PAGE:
Highest Paying Nursing Jobs


We know, you want to get to the money.  Everybody does; however, you should realize that the highest paying nursing jobs may not necessarily be the jobs you are best acclimated to, or most suitable for. That said, we can tell you that there are two kinds of “highest-paying” jobs in nursing: management (where you’re in charge of patients and other nurses) and non-management (where patients are your sole concern).

Highest Paying Non-Management Clinical Nursing Jobs

Clinical Nurse Specialist (CNS):  this position needs an advanced RN (registered nurse) who specializes in the research paradigm.  She should be able to read, understand, select and utilize medical information from all sources and extrapolate nursing theory and practices from it.  In addition she may act as patient and facility advocate, liaison, educator and occasional manager (it is difficult to get away from this model, even in non-management, so be aware it is a frequent requirement to be a “manager in training”).   The CNS is trained in a particular specialty, such as AIDS/HIV patients or cancer patients (which would require a CNS of oncology).  Within her particular department and specialty is where she does her research and advocacy. Her annual salary averages $70,000-80,000 (this is variable based on the specialty).

Nurse Practitioner (NP):   This individual is classed as a mid-level provider; like the PA (Physician’s Assistant) she performs tasks that a doctor will sometimes do, but under his limited supervision.   Some states require an NP to perform all tasks directly under a doctor’s orders; others allow the NP to practice independent of the doctor’s control.   They usually provide all primary medical care (and can write prescriptions).   Their average yearly salary is $92,000 and higher, depending on her state and the setting of her medical facility (urban, for example, makes about $10,000 a year more than rural).

Certified Registered Nurse Anesthetist (CRNA):  This is a natural step up for an NP or RN; it allows for continuity of care and a relatively stable salary despite state, setting or specialization.   It is also, for all practical purposes, the highest paid non-managerial nursing job available (average annual salary of $100,000).  The CRNA delivers anesthesia to patients during their surgical procedures, one of the most delicate and highly prized skills in the operating field.   You must have top technical skills for this job; the bonus is that, for those who are not keen on patient interaction, there is very little of that during the procedure.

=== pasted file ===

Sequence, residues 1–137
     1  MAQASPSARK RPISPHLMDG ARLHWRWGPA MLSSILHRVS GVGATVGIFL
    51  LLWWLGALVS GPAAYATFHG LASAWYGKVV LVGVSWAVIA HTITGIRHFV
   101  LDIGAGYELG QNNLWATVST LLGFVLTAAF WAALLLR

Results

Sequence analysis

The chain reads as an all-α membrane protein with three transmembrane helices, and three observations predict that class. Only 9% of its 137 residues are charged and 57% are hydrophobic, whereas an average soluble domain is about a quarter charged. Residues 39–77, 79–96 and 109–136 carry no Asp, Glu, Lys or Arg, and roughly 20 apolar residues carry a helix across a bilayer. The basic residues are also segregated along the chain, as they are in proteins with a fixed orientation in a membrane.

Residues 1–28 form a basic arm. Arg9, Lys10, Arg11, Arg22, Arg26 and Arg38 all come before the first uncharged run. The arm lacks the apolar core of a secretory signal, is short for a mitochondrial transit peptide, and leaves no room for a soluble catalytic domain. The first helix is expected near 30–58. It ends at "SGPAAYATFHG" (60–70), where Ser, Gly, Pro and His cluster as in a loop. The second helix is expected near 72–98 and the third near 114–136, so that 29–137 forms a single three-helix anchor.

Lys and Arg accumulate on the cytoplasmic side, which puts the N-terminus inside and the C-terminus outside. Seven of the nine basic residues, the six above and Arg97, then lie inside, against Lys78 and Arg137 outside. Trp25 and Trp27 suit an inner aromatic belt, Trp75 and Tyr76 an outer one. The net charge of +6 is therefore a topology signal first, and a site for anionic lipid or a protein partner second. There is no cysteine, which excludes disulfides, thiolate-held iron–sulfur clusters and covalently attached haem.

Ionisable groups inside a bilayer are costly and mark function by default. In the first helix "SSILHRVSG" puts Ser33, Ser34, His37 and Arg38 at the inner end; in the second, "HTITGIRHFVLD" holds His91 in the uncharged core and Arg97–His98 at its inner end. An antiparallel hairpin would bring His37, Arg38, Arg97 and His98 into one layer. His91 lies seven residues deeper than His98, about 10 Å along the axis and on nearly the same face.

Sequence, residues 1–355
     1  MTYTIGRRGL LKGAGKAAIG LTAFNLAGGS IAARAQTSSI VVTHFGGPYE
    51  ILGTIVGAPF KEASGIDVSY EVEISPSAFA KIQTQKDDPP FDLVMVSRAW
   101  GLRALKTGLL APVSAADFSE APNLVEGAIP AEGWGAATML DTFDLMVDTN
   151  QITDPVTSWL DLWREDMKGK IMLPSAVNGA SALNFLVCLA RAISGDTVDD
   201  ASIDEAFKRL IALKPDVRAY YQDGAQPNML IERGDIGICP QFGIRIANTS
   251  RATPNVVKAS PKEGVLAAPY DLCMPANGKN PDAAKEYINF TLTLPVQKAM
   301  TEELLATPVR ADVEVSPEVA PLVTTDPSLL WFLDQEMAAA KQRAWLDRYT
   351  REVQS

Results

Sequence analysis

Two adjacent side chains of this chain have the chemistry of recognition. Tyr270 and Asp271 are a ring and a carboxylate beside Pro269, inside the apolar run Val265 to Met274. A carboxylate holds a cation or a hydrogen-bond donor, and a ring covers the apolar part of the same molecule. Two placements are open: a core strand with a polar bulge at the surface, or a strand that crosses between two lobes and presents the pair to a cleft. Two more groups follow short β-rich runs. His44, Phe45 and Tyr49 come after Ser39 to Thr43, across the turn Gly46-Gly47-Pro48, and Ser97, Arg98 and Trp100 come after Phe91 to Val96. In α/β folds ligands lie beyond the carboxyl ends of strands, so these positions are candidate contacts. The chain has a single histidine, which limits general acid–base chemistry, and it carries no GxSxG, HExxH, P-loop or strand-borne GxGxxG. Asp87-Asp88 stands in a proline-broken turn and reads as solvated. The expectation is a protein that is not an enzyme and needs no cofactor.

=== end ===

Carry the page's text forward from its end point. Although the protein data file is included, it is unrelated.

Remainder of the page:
Now, it’s time to consider the salaries and duties of the highest payingnursing jobs of those medical professionals who are comfortable being “the boss.”

Highest Paying Managerial Nursing Jobs

Head Nurse (HN):  As the title implies, this position is a leader over a cadre of nurses, and is responsible for their work, their results and the planning of their shifts and duties.  The head nurse also deals with patients on a limited basis, but is far more concerned with the managerial paradigm of her particular facility and nursing group, including inventories, performance reports, patient records and the parceling out of duties to a nursing staff she directly supervises.   She must be an RN with at least five years of direct and clinical experience, and may specialize in a particular department such as ICU, Obstetrics or ER.  Her median salary is $85,000 and above.

Nursing Director (ND or D of N):  The successful ND/D of N is able to create and implement budgets, design and device master work schedules for all the departments at a facility, set administrative policy for the hospital or clinic, and generally demonstrate excellent abilities in project management, leadership and interpersonal relationships with staff and patients, as well as overseeing and supervising nursing staffs.   The job requires an RN and advanced degrees (at least a MSN), and pays $120,000 and up.

Head of Nursing:  We have come to the top of the salary ladder.  The H of N must have an area of specialty Master’s Degree (or MBA) and at least ten to fifteen years direct medical experience.  She plans, oversees and implements policy on a facility-wide scale and operates as the senior executive management position in any medical organization.  Her salary is $178,000 and higher.

So, out of the Highest Paying Nursing Jobs—did you see yours?  

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